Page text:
NFL Culpepper Suit Highlights Our Warped Interpretation of Disability
A hat tip to Judge David Langham, whose blog on the topic (republished on our site here) tipped me off to this story this morning. An insurance company covering the NFL has filed a lawsuit against former Tampa Bay Buccaneer Brad Culpepper alleging fraud from a California injury suit settled in 2011. Culpepper took advantage of the California loophole now well known in our industry, where any player who was on a team's payroll and happened to be in California for a game could file for injury damages in the state. His suit settled for $175,000. He was declared 89 percent disabled.
Today Culpepper is a personal injury attorney, and was a lead plaintiff in the NFL brain injury suit resulting in a tentative $765 million settlement.
The lawsuit filed against him is the result of his activities after his personal suit was settled. The company is alleging fraud because Culpepper has since apparently earned a Black Belt in Mixed Martial Arts. Videos of Culpepper and his wife, Monica, "were posted on YouTube and photos ran in the Tampa Bay Times." Also, last year, Culpepper was chosen to be a contestant on the CBS show Survivor, where, the insurer alleges, the physical demands of competition belie the disability claimed in his suit.
For his part, Culpepper defends his actions, citing multiple surgeries and continuous pain. The key for me, however, is in a statement made by Culpeppers attorney, Scott Shutzman. He is quoted as saying, "There's nothing that I've seen that says an 89 percent disability rating says you can't be on a TV show, or do an MMA workout".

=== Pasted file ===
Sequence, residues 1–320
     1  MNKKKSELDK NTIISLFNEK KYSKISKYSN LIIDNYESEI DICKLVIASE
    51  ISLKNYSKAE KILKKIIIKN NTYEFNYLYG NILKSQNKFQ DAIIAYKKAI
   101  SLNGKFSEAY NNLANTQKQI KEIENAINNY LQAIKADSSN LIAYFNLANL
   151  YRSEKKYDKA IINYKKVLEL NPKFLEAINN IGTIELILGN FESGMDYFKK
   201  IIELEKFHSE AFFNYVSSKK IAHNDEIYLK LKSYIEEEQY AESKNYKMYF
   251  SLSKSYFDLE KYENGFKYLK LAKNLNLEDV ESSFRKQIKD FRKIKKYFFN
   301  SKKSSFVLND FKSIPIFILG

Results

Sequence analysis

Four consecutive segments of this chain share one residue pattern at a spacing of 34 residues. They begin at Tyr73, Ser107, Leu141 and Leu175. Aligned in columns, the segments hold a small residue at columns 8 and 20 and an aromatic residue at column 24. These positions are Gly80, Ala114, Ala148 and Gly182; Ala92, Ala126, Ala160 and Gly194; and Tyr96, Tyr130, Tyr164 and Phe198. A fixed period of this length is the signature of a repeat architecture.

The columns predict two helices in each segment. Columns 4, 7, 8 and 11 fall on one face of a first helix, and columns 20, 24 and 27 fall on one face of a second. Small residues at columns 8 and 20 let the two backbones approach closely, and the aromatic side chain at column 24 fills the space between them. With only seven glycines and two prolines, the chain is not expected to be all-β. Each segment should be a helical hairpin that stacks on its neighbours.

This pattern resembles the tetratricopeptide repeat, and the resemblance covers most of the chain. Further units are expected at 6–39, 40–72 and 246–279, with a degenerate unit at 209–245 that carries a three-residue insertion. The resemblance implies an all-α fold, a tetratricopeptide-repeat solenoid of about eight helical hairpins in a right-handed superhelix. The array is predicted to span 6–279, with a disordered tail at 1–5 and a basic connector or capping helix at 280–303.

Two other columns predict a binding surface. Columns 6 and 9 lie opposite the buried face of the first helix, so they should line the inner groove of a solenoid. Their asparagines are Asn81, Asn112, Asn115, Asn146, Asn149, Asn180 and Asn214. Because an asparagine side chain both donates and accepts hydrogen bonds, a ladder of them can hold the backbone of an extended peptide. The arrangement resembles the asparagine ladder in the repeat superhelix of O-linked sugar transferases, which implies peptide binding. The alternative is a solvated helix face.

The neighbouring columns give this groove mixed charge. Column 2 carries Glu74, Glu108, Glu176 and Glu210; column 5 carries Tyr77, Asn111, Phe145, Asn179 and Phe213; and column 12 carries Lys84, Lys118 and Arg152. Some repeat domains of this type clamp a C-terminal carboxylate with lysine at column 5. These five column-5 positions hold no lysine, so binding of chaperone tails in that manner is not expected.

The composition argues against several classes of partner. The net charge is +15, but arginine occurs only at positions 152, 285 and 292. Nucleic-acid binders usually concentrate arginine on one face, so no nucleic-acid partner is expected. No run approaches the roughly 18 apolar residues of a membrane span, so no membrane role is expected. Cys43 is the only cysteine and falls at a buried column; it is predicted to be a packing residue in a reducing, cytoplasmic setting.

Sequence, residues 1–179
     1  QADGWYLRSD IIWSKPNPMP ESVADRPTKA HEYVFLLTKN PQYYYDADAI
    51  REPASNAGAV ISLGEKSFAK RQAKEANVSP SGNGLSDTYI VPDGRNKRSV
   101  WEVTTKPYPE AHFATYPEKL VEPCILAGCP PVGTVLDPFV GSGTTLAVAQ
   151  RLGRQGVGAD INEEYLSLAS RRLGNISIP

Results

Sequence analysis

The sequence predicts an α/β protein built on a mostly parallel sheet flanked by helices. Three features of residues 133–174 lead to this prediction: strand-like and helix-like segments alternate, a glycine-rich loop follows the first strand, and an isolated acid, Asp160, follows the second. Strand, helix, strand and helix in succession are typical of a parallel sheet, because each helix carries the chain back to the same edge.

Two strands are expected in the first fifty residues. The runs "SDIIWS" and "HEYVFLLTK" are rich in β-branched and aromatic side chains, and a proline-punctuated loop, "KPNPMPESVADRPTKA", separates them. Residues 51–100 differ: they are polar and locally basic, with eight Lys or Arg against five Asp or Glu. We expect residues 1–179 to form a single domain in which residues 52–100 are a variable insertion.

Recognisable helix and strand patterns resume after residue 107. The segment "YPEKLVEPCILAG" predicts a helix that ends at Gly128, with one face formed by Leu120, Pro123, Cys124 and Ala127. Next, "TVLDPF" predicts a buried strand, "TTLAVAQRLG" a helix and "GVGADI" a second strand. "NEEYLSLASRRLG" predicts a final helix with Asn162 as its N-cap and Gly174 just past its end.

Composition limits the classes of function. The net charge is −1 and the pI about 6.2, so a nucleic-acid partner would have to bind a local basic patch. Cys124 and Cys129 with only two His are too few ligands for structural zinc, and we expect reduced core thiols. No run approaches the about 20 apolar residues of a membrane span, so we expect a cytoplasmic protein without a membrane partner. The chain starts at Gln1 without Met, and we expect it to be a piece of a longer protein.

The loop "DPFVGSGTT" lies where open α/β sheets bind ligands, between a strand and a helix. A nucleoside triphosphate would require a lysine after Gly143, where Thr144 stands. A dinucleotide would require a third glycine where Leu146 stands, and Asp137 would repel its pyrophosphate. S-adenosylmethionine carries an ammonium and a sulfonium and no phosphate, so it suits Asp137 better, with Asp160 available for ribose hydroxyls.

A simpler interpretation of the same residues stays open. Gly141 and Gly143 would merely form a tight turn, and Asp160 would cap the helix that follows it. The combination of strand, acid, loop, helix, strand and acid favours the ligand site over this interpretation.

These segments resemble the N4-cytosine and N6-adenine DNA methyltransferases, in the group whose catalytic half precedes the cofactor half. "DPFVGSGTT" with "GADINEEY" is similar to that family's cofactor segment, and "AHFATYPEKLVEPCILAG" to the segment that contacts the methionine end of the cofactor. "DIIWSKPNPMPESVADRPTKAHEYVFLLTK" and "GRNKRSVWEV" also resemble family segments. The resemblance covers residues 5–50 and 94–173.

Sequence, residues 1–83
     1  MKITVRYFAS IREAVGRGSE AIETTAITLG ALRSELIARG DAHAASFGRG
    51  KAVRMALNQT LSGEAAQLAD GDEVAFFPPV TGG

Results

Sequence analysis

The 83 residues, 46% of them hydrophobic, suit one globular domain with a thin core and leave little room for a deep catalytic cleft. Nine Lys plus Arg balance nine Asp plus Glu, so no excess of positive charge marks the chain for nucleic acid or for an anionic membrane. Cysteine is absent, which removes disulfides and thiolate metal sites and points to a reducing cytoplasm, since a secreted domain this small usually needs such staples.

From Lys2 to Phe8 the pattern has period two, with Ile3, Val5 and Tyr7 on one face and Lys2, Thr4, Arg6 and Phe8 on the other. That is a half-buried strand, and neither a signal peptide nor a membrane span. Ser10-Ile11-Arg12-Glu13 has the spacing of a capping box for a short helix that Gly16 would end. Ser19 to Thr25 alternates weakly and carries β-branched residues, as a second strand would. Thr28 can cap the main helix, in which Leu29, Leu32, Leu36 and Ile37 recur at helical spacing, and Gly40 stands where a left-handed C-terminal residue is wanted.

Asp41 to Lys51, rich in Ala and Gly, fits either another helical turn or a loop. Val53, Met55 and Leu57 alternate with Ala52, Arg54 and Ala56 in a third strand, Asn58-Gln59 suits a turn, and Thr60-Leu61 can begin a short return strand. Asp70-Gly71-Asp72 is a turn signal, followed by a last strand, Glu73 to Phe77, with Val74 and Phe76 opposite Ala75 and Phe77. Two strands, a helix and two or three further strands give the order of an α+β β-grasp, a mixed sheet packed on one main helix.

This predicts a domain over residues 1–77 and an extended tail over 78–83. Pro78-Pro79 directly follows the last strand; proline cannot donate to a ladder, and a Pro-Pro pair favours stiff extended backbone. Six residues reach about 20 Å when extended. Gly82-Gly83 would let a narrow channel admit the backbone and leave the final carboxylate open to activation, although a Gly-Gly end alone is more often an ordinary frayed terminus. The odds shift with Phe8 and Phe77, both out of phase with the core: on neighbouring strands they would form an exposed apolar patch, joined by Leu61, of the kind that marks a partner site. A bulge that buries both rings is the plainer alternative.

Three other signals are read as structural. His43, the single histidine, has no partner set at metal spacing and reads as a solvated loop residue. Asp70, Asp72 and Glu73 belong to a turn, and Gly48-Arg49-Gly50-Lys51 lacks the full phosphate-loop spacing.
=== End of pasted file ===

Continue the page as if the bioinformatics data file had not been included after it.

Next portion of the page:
Right. And I agree. Therefore, it is logical to assume by extension that there is nothing that says someone with an 89 percent disability shouldn't get off SSDI and get a job. Thanks Brad. Those of us who are proponents of ending the "disability mindset" in this nation appreciate your support.
I will pause for a moment for the inevitable slings and arrows to be cast my way for that statement.....
The problem here of course is that disability is a legal and emotional concept based on a physical or mental impairment. The two are not the same, and are not always even related. However, both our society and legal system continually blur the lines and conflate the two as a single entity. Culpepper has an impairment. He works through pain on a daily basis. However, the legal system assigned him a "disability" level, along with the stigma of inability that comes with such a designation. People willingly accept that because there is often cash attached to the designation. It is how our system works.
And since Culpepper is a millionaire who lives a comfortable life in a bay front mansion, the stigma does not impact him like it would a blue collar worker with limited skill sets. Sadly for many, however, such a designation is a sentence to the enslavement of disability dependency and the end of the road for a formerly productive life.